On September 25, 2018, Rep. Jamie Raskin introduced a resolution on Climate Restoration to the U.S House Committee of Energy and Commerce, concluding with "Whereas scientists have researched methods for keeping warming below 2° C, but have not yet researched the best methods to remove all excess CO2, stop sea-level rise, and restore a safe and healthy climate for future generations; and Whereas declaring a goal of restoring a safe and healthy climate will encourage scientists to research the most effective ways to restore safe CO2 levels, stop sea-level rise, and restore a safe and healthy climate for future generations." This was followed by the Congressional Climate Emergency Resolutions (S.Con.Res.22, H.Con.Res.52) which “demands a national, social, industrial, and economic mobilization of the resources and labor of the United States at a massive-scale to halt, reverse, mitigate, and prepare for the consequences of the climate emergency and to restore the climate for future generations....”  
The endpoint goal of climate restoration is to generally maximize the probability of survival of our species and civilization by restoring two critical climate parameters: Atmospheric CO2 levels and Arctic ice cover. The approximate target levels are those of the Holocene norm in which our species and civilization most recently evolved. That is stated technically as "pre-industrial", or poetically as "like our grandparents had a hundred years ago". Numerically the goal is stated as getting atmospheric CO2 back below 300 ppm and restoring multi-year ice to the Siberian Arctic by 2050. Achieving this will require removing approximately a trillion tonnes of atmospheric CO2, and restoring permanent ice cover in the critical Siberian Arctic Sea to prevent methane emissions from melting permafrost.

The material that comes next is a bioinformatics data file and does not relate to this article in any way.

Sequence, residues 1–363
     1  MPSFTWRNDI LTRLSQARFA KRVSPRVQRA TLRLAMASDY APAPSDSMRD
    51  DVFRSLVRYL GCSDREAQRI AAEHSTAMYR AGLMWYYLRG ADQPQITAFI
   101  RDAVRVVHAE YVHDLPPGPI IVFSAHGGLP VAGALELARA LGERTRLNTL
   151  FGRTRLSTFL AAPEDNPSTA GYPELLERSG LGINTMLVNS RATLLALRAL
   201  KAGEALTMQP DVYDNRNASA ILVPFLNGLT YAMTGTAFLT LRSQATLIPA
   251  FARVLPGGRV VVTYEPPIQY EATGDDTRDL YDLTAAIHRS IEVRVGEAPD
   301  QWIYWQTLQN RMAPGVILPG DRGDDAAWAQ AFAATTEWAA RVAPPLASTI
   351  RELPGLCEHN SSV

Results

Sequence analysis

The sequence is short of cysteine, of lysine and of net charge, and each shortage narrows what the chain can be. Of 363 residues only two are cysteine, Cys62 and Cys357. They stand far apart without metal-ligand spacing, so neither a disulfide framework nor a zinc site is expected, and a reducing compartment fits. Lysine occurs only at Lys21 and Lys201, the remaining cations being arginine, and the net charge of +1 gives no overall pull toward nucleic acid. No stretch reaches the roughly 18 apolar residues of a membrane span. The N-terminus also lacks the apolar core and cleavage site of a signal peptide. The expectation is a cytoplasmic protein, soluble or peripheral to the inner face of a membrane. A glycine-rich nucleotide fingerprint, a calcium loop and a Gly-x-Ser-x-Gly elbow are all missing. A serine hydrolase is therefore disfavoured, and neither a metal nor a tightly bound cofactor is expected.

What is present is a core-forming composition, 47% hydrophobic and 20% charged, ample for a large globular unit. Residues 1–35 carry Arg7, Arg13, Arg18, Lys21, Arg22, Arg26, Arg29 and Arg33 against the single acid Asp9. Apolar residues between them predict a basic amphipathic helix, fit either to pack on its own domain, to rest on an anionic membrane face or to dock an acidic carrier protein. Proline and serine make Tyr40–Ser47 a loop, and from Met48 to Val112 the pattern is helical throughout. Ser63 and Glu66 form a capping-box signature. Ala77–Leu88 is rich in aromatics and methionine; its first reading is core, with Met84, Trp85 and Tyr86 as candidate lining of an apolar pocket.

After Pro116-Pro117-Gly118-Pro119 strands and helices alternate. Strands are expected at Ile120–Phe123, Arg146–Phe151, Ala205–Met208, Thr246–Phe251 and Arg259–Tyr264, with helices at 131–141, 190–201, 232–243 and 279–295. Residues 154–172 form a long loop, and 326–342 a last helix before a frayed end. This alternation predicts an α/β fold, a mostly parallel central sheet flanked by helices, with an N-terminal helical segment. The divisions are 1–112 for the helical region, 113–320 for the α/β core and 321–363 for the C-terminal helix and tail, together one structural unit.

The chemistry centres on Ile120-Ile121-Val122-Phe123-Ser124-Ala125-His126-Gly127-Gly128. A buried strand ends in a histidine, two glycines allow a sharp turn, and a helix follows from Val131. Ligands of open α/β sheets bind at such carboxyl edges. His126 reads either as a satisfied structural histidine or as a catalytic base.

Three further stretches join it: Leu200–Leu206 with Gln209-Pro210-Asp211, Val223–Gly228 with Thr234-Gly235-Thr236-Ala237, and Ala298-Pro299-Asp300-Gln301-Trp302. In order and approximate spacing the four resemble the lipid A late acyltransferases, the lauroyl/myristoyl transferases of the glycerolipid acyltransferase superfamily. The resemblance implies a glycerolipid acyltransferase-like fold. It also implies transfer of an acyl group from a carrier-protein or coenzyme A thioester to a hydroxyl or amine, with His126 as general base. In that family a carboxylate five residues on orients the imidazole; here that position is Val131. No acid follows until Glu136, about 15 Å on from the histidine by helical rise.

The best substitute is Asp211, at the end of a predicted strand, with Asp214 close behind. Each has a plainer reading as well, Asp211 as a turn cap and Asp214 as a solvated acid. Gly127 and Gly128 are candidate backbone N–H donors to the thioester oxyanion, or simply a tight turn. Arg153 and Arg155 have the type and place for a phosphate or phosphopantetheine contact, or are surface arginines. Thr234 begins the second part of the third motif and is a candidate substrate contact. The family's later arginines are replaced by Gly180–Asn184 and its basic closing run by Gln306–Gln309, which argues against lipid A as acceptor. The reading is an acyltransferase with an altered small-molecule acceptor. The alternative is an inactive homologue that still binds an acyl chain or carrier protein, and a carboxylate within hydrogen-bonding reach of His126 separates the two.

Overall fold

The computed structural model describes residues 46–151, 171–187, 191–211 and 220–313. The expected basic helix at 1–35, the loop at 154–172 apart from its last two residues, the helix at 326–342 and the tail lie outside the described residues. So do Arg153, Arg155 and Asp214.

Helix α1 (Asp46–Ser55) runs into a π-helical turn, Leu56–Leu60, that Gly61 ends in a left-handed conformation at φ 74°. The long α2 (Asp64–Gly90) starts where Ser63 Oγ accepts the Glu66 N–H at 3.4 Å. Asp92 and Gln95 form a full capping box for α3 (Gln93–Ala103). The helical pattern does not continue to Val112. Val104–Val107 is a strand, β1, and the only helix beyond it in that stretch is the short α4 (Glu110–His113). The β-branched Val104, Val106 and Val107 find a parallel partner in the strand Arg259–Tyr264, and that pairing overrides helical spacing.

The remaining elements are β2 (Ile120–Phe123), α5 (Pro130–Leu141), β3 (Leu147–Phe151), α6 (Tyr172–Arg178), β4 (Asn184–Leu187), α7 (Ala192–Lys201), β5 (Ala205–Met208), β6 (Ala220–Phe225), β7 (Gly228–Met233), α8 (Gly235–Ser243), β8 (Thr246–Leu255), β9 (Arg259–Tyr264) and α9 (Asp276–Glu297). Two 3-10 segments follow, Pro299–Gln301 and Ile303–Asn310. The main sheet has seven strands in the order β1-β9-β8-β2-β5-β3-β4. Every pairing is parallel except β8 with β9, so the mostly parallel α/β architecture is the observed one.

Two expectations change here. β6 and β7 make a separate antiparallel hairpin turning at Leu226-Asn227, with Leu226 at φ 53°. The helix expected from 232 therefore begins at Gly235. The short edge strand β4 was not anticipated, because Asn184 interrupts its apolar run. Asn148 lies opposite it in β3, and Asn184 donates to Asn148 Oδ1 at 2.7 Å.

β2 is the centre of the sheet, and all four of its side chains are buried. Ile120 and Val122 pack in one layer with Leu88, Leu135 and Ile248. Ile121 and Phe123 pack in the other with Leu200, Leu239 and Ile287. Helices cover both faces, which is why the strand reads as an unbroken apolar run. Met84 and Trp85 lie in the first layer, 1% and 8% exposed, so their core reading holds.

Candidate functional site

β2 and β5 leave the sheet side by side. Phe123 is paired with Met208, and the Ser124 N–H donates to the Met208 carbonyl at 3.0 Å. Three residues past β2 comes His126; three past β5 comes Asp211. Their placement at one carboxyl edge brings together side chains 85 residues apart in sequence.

Critical parameters of the Earth System include:
- levels of climate forcing agents in the atmosphere, especially CO
2 and methane for positive forcing and SO2 aerosol for negative forcing;
- global mean surface temperature (compared to some baseline) and its rate of increase;
- sea level and the rate that sea level is rising;
- pH and rate of ocean acidification.
- Ice levels of the polar ice caps.
One of the principal goals for climate restoration is to bring the CO
2 level down from current level of ~405 ppm (2016) towards its pre-industrial level of ~280 ppm. Not only will this reduce CO
2’s global warming effect but also its effect on ocean acidification. The removed carbon would be sequestered or used as a construction material.
However, not every aspect of the Earth System can be returned to a previous state: notably the warming of the deep sea or deep ocean and the associated sea level rise which has already taken place may be essentially irreversible this century. Conversely, there are certain aspects of the Earth System that need to be improved with respect to the recent past: notably food productivity, considering an increased global population by 2050 or 2100.
America's Climate Choices: Panel on Advancing the Science of Climate Change; National Research Council (2010). Advancing the Science of Climate Change. Washington, D.C.: The National Academies Press. ISBN 0-309-14588-0. Archived from the original on 29 May 2014.
(p1) ... there is a strong, credible body of evidence, based on multiple lines of research, documenting that climate is changing and that these changes are in large part caused by human activities. While much remains to be learned, the core phenomenon, scientific questions, and hypotheses have been examined thoroughly and have stood firm in the face of serious scientific debate and careful evaluation of alternative explanations. * * * (pp. 21–22) Some scientific conclusions or theories have been so thoroughly examined and tested, and supported by so many independent observations and results, that their likelihood of subsequently being found to be wrong is vanishingly small. Such conclusions and theories are then regarded as settled facts. This is the case for the conclusions that the Earth system is warming and that much of this global warming is very likely due to human activities.
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- Robert J. Lempert, Giacomo Marangoni, Klaus Keller, Jessica Duke. "Is Climate Restoration an appropriate policy goal?". Rand Corporation.CS1 maint: multiple names: authors list (link)